Montana Council, Boy Scouts of America, is underway with a woodland transformation project on Melita Island after devastating stress on trees due to root rot and dwarf mistletoe, in combination with defoliation by Tussock moth and mortality by bark beetle.
Melita Island, a 64-acre island owned by Montana Council located on Flathead Lake, is home to Camp Melita Island, a premier Montana Council summer camp.
The biggest issue is safety to the over 1,000 youth and staff who make the island their home throughout the summer. Recent winds have toppled large trees due to the weak and diseased root systems. Safety to the youth served continues to be Montana Council’s top concern.
Rehabilitating the island to a healthy and natural ecosystem while eliminating the potential spread of issues to neighboring properties, however, also takes priority.
“Montana Council has created a task team of qualified natural resource professionals to guide the process,” John Manz, a distinguished alumnus of the W. Frankie College of Forestry & Conservation, University of Montana (2004), and Vice President Administration, Montana Council. “This is a long-term project to ensure the island remains a destination Scout camp, continuing to attract Scouts from across the United States.”
Montana Council, BSA is working closely with the Center for Native Plants in Whitefish, Mont., on the project.
Primary tree species on the island are Ponderosa pine and Douglas fir with a minimal, scattered population of Western Juniper and various hardwoods.
The Douglas fir Tussock moth infestation, now in its third year, has resulted in severe defoliation of the stressed trees with significant mortality from bark beetles. Issues besides the mortality include excessive lean, shallow rots with minimal to no tap root and root rot creating a hazardous environment.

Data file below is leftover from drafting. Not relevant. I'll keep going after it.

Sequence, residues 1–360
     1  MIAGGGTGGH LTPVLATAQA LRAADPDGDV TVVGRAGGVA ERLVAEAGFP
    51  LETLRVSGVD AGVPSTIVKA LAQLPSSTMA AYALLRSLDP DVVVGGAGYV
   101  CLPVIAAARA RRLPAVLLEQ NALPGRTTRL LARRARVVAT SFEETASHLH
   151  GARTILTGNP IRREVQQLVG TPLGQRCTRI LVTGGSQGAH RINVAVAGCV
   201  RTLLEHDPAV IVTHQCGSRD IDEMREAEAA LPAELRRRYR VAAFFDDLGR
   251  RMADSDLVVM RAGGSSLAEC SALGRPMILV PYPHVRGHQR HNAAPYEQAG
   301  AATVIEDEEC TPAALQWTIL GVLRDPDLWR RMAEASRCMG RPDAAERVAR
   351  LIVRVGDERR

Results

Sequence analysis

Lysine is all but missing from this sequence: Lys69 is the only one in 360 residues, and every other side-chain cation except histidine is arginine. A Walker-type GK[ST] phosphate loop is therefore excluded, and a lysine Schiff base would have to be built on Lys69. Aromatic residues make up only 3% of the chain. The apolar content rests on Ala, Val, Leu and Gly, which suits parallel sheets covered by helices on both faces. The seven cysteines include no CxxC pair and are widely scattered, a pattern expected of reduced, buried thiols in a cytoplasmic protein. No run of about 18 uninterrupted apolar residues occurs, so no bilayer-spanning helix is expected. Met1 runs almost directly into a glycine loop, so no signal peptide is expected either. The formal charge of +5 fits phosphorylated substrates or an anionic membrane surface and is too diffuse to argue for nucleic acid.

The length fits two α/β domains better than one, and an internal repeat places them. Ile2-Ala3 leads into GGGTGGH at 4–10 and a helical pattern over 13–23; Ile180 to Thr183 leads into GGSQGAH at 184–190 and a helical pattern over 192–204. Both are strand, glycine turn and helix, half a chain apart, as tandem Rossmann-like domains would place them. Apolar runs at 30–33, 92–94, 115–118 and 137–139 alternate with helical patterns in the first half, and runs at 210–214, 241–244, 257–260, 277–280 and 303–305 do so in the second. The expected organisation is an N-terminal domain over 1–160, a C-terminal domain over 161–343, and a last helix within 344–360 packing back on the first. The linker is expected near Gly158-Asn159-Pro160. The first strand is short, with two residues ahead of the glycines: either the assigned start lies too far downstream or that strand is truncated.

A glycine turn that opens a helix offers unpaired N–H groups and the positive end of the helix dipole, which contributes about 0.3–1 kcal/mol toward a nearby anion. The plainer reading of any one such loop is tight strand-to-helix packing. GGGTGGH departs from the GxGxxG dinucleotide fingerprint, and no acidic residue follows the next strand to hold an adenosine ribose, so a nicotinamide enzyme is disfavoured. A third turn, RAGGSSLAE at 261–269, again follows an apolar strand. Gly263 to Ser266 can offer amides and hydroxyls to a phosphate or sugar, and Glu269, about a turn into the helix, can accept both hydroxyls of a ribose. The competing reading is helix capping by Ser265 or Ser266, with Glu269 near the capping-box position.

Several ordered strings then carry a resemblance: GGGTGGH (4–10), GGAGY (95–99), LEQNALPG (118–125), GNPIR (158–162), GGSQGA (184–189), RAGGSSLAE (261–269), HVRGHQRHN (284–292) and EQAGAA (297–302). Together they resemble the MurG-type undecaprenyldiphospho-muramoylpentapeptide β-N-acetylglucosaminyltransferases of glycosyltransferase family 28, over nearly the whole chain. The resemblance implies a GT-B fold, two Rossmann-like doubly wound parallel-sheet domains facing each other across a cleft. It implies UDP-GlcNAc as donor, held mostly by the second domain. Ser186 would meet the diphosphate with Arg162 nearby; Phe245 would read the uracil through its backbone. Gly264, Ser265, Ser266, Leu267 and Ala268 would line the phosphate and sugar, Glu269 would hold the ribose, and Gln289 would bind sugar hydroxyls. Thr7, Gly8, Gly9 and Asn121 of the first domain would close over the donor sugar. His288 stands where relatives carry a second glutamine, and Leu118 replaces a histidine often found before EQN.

Douglas fir will be the majority of the trees removed. Old-growth Ponderosa pine, a signature tree for the island, will be conserved.
An aggressive replanting process begins immediately and includes an impressive reforestation of mostly deciduous trees and sufficient shrubs, including chokecherry.
Weather depending, tree removal is expected to start the last week of October. The burning of slash piles is expected to begin in early November with visual smoke. Please be advised that smoke from Melita Island is planned and a controlled burn.
Scouting programs at Melita Island are heavily water-based with courses including sailing, kayaking, canoeing, stand-up paddleboarding, boating, swimming, snorkeling, fishing, shooting sports, nature, camping, first aid and more.
Montana Council serves 7,250 youth with over 3,000 volunteers. Acting on the principles of making a difference through civic service, Scouting provides quality youth programs that build good character while building better communities.
The mission of the Montana Council is to help young people make ethical and moral decisions over their lifetimes by instilling in them the values of the Scout Oath and Scout Law.
“This was a hard decision for us to make,” said Jory Dellinger, Deputy Scout Executive. “We know, however, that we will be providing a safe space for our youth. That is our most important priority. We will also be reviving a healthily managed forest and natural ecosystem on the island for future generations.”